Loading Crates

Think about it this way …

When you travel you pack your clothes in a suitcase. It has a handle to make it easier to carry. It may have wheels to roll it from place to place. The handles retract to keep them from getting caught in the baggage handler at the airport. All of this makes it easier to move your clothes, shoes and other belongings.

But if you are taking the family dog with you to grandma’s house for the holidays, it will probably walk beside you on leash to the car. The large animal is more easily lead than packed and carried.

How is this like container cargo and roll on/roll off cargo?

Loading cars on shipOn April 26, 1956, Malcom McLean’s ship, the SS Ideal-X, was loaded with 58 35-foot containers and other cargo and sailed off into history. McLean had hit upon the idea of putting cargo into containers as he watched a crew laboriously load a ship with crates of goods one day. Each crate had to be hoisted up and into the ship. McLean realized it would be easier to simply remove the trailer off the back of a truck and load it into the ship. Others had experimented with similar ideas, but the SS Ideal_X was the first ship to use containers that remained closed as they were being transferred back and forth between ships, trucks and railways.

The savings of using containers was incredible. In 1956, it cost $5.86 per ton to load a ship by hand. But it only cost 16 cents a ton using McLean’s containers.

The Port Ranks at the Top …

In the most recent national ranking of all the ports in the U.S. (361), the Helen Delich Bentley Port of Baltimore is:

Number one in the nation for …

  • Roll on/Roll off cargo (farm and construction equipment),
  • Imported forest products,
  • Exported autos,
  • Imported sugar, and
  • Gypsum and iron ore.

Number two in the nation for …

  • Automobiles (combined imports and exports).,

Number three in the nation for …

  • Imported aluminum, and
  • Exported coal.

Overall, the Port of Baltimore is ranked 12th nationally for total dollar value of cargo and 13th for total cargo tonnage handled.

Ro/Ro and containerized cargo

Technology Makes
the Job Easier

The Port of Baltimore has a real edge on its competition, mainly because of its technological advances and quality service in handling all kinds of cargo.


Containerized shipping
In the past, people would have to hand-pack ships, offload all the packages, move them to trucks, wagons, or even rail cars, and unpack them again when they got to market.  And every time cargo is moved, it can become lost or damaged.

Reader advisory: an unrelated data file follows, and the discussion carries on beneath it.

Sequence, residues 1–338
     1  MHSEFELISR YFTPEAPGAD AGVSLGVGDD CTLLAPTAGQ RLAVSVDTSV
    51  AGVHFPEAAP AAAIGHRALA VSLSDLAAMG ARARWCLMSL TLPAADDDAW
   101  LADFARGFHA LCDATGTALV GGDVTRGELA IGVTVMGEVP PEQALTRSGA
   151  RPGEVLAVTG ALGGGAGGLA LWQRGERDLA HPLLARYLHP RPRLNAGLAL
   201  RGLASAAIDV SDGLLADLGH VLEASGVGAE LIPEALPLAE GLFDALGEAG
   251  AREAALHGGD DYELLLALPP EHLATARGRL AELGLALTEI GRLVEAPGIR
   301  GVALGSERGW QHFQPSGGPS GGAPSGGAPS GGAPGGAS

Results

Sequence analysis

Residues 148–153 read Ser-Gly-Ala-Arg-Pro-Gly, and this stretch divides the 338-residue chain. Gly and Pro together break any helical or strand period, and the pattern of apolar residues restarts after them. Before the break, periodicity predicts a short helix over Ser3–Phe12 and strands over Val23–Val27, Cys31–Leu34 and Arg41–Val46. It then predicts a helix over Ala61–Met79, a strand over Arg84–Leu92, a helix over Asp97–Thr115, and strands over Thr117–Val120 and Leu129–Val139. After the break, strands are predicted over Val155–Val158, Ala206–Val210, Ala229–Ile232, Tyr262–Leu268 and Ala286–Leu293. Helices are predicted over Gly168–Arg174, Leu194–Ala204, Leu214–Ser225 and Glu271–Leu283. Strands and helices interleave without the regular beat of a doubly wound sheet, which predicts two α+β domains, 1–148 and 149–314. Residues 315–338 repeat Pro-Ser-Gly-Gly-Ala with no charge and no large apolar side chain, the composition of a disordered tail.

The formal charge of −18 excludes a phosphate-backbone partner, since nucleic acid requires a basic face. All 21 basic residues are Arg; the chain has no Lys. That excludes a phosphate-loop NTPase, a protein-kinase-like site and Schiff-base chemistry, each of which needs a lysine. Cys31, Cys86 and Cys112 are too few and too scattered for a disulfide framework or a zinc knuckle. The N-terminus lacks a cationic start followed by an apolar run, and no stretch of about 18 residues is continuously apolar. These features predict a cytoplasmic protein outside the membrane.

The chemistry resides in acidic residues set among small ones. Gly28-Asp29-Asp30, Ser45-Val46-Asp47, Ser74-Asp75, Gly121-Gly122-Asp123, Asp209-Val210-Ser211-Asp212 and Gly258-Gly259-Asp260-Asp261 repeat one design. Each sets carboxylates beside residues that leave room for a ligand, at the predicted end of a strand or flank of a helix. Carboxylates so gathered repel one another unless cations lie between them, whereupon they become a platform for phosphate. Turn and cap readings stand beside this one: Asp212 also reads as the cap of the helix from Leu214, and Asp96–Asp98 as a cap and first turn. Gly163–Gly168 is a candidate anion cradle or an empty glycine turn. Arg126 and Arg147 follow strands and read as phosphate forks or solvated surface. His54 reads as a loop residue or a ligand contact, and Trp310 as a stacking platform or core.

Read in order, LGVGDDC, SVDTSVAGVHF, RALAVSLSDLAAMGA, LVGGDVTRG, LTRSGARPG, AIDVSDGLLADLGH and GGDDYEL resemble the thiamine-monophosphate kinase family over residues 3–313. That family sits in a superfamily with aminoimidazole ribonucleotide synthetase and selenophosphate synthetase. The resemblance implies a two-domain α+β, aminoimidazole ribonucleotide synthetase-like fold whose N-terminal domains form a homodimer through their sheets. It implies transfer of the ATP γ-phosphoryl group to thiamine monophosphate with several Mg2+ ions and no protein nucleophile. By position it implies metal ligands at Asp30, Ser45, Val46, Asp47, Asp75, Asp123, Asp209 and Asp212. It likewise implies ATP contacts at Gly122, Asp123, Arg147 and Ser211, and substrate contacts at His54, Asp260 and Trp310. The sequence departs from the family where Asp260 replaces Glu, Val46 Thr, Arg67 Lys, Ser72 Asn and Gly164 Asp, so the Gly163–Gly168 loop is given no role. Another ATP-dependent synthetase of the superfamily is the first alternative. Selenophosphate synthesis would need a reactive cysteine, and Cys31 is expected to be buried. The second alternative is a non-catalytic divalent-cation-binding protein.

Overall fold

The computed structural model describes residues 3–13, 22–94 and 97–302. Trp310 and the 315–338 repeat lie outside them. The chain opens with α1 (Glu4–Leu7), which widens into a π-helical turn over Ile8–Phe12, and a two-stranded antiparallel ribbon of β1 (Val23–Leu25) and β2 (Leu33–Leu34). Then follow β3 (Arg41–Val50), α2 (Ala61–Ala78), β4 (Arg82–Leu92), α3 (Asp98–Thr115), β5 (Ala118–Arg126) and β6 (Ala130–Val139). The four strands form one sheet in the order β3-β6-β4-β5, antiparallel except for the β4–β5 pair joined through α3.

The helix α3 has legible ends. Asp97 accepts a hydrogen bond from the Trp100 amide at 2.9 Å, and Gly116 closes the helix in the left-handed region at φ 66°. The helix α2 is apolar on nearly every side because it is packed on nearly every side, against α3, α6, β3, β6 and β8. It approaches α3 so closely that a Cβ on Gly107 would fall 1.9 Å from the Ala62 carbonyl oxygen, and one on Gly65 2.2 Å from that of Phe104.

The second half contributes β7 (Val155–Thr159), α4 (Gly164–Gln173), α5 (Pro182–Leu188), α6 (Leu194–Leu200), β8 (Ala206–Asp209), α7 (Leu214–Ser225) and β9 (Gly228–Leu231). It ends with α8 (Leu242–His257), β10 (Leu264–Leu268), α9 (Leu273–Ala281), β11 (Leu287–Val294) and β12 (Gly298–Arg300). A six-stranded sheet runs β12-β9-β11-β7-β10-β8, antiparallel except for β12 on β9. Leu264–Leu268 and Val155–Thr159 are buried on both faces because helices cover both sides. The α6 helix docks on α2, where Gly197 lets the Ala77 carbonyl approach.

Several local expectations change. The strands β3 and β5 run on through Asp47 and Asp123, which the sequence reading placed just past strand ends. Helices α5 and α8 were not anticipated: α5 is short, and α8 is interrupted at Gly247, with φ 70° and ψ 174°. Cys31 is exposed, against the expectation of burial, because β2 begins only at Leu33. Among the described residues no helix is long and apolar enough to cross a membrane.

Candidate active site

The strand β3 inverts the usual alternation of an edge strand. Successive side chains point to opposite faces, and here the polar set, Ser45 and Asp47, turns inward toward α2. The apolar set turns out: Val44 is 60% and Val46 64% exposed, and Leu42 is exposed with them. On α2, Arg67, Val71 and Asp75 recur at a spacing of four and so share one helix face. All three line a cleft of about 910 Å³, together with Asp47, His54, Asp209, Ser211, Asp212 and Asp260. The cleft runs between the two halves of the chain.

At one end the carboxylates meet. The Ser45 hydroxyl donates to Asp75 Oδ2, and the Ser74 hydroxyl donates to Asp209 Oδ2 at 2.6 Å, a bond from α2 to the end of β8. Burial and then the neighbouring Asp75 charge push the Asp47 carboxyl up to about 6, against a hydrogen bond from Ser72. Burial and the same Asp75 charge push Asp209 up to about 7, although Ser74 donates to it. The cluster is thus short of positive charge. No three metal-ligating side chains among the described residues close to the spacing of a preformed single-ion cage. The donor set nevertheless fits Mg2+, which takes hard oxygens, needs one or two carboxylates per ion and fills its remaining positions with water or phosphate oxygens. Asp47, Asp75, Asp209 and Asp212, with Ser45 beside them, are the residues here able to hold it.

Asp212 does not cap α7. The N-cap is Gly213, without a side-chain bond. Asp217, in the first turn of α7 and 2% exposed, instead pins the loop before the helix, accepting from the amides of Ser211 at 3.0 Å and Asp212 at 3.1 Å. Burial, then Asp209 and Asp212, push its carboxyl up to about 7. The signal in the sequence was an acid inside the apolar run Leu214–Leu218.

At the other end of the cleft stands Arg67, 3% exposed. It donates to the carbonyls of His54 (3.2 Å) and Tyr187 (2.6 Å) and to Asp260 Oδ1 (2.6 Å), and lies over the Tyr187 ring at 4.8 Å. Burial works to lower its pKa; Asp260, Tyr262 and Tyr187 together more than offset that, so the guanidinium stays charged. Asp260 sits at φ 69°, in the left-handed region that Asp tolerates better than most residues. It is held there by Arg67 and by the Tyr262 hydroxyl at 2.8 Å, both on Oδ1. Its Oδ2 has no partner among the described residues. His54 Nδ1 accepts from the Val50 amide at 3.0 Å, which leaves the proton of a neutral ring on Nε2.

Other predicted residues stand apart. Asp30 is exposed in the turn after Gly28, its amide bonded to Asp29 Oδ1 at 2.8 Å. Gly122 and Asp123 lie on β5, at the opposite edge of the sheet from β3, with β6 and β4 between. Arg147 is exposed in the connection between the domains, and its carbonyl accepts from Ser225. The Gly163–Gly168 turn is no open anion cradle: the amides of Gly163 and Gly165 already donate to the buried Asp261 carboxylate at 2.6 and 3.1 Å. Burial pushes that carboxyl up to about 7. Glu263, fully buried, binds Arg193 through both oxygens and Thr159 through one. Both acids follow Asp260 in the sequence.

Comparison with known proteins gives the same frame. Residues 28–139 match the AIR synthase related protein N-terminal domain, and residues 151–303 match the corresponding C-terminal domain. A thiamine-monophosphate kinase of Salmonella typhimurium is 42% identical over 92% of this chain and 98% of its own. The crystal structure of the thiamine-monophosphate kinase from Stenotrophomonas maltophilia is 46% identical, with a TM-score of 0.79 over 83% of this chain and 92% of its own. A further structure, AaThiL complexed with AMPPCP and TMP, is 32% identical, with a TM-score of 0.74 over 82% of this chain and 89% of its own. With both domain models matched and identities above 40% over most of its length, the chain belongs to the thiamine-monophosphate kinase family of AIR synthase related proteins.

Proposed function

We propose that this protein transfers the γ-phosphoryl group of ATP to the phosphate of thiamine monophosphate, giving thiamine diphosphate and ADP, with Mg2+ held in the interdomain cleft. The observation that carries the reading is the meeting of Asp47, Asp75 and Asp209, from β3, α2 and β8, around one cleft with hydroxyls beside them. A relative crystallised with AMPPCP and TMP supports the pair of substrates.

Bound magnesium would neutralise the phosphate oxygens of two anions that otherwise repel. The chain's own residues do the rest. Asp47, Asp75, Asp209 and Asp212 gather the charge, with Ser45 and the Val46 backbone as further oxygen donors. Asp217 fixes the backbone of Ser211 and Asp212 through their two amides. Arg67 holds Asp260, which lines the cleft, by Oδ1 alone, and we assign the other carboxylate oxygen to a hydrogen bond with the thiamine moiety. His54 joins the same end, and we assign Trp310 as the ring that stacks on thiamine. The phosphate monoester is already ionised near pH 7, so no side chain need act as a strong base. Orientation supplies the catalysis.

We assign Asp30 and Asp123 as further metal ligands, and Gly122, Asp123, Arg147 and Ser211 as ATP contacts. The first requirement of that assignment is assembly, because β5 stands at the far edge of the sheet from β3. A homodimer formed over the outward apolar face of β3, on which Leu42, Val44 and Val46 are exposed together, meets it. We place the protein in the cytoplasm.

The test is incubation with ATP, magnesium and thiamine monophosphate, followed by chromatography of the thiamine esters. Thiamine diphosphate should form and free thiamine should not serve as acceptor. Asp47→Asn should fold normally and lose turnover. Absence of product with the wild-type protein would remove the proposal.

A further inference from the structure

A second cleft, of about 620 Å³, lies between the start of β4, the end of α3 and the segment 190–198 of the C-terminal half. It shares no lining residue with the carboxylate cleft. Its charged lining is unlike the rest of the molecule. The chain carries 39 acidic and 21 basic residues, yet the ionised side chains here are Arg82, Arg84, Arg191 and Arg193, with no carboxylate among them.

These concerns are eliminated with containerized shipping. Goods are placed in a container of a standard size. Then, the containers are loaded onto ships, from where they can be  offloaded quickly onto trucks or railroad cars.  Since the cargo is packed only once, and only touched by the packers and the customer, it significantly reduces the chance it can be lost, damaged, or otherwise harmed.

Roll On/Roll Off (Ro/Ro)
Once, it was long, hard work to ship cargoes such as huge farm machines.  Batteries had to be disconnected and gas tanks emptied.  Then, they had to be hauled, one by one, onto a ship.

But all these problems are solved with specialized ship design.  Combines, hay balers and the like are driven on and off of specially-designed ships without any extra preparation.  These ships are based on the same design principle as ferries.  Typically, the ships have ramps on their sides and stern (back of the boat) that can be attached to piers, allowing the machines to be driven to and from piers when the ships have reached their destination.

Break and Break Bulk Cargo
Cargo that is not placed in a container or driven onto a ship is called break, or break-bulk cargo.  Break-bulk cargo is typically stored in boxes, bales, or other units and then transferred to and from ships. Bulk cargo is loose dry or liquid cargo, such as grain, coal, and oil.

The Port of Baltimore is the number one Ro/Ro port in the U.S., handling over 50 percent of the Ro/Ro cargo that comes into east coast. Besides having the latest technology to handle these kinds of cargo, the Port promises to have the lowest damage rate of any port in the country. And it meets this goal year after year, thanks to its Quality Cargo Handling Action Team (QCHAT) for Ro/Ro. The Port also assures continued quality service for its customers through its annual Ro/Ro Rodeo, where Port workers receive training in operating and maneuvering the many different vehicles that come through the Port as Ro/Ro cargo. The Rodeo is the only one of its kind in the nation.

Because of facilities like Seagirt Marine Terminal and Dundalk Marine Terminal, Baltimore is also the 13th largest container port in the United States. More than sixty percent of the cargo that passes through the Port is containerized. These containers carry everything from clothing and furniture to steel and electronics. In 2006, the Port handled 627,951 containers.